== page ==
A war with echoes of past campaigns
With war just days old, criticism grows. It isn't the first time that has happened.
General George Patton outran his supply lines in his race for the Rhine. In Korea and Vietnam, America risked involvement with other countries in the region. The invasion of Panama included a buildup of forces whose attack was preceded by airpower. The first Gulf War saw an intensive air campaign against Republican Guard units before significant ground engagements.Skip to next paragraph
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Wars rarely turn out exactly as planned. But not yet two weeks into the war with Iraq, comparisons and contrasts are being made with strategy and tactics from Normandy beaches to the caves of Tora Bora in Afghanistan.
One similarity with the war in Afghanistan has been political and military criticism during the early weeks by those advocating larger ground forces. There was also the personalizing of the enemy leadership target (Osama Bin Laden) who then escaped from Tora Bora - an approach now being avoided in favor of talking about "regime change" rather than Saddam Hussein.
Like other analysts, retired Air Force Colonel Sam Gardiner finds similarities between Defense Secretary Donald Rumsfeld and Robert McNamara, his Pentagon predecessor during the Vietnam War.
"We have a secretary of Defense who finds technology very interesting and looks to technology as almost a dominating dimension of the way he understands combat," says Colonel Gardiner, who describes Mr. Rumsfeld as "a micromanager."
Like Vietnam, he says, "We see the press briefing from [command headquarters] where it seems impossible for the briefer to give it to us straight despite the different images we get from the field and field commanders."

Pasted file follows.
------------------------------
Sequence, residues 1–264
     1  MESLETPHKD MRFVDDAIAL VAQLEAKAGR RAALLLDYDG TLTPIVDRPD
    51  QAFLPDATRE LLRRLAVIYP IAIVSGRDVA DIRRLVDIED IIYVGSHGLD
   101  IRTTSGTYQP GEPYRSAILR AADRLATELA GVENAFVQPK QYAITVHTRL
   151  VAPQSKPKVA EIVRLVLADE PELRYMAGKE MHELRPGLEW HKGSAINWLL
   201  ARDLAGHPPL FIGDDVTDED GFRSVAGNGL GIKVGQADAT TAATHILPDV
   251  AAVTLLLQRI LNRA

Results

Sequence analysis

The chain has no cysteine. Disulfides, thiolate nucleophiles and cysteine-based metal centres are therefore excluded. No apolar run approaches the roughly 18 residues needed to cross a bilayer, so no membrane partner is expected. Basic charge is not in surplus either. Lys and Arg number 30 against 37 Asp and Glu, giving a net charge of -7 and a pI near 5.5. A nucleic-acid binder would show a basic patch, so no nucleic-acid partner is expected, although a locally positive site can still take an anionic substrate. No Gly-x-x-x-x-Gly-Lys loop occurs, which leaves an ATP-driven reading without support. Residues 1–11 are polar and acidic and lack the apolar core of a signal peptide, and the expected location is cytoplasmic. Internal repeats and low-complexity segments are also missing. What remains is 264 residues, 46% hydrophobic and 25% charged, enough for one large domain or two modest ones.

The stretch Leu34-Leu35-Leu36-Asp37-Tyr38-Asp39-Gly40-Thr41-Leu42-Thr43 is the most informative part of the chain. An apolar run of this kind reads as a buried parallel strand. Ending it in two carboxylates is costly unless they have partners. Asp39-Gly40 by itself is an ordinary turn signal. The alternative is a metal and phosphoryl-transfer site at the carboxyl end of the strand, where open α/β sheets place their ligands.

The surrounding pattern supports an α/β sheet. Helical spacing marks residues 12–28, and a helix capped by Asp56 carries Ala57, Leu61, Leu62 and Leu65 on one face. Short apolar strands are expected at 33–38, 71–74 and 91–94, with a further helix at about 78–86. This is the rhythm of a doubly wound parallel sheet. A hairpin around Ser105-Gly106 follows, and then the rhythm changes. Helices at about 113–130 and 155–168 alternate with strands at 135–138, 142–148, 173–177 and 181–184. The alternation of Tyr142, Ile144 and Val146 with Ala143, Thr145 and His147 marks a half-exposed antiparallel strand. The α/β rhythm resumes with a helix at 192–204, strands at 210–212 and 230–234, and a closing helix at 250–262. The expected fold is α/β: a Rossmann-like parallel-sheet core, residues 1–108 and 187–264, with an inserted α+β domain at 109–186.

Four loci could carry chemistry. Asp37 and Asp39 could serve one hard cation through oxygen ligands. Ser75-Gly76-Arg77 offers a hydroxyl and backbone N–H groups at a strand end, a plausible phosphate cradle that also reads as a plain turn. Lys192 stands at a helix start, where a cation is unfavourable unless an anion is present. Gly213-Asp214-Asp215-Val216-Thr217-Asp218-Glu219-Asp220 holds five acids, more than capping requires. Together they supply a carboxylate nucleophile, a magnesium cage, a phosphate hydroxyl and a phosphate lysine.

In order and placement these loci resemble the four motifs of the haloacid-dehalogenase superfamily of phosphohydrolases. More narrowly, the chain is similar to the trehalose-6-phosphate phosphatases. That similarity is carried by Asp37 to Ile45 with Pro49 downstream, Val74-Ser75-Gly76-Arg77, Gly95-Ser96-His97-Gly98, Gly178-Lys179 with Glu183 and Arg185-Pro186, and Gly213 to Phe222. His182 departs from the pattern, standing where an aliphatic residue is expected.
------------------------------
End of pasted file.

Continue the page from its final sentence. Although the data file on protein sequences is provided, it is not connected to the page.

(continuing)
But the major difference today, Colonel Gardiner says, is that "we have field commanders and officers in the Pentagon who want the press to know how it really is."
This may be a very important point in this war.
While official briefers are very much "on message," some commanders in the field have not hesitated to talk about being surprised by the level of Iraqi resistance and the unplanned need to detach some forces to secure southern cities.
They've also disclosed that troops have been pausing for several days in some locations, and they've spoken about a growing need for resupplies of food, water, and fuel.
There's no indication - publicly at least - that Pentagon civilians and the most senior officers are upset by this apparent openness.
Besides, many of those field-grade officers, unit commanders, and younger generals took to heart the lessons of Vietnam here - particularly as detailed in "Dereliction of Duty," the 1997 book by West Point graduate H.R. McMaster.
Studying the historical papers of the Johnson administration as well as the archives of the Joint Chiefs of Staff, Lieutenant Colonel McMaster concluded that it wasn't just the civilians in the White House and at the Pentagon who failed to adequately address the strength and determination of the North Vietnamese and the Viet Cong. Senior officers were just as culpable for not speaking up, McMaster concluded.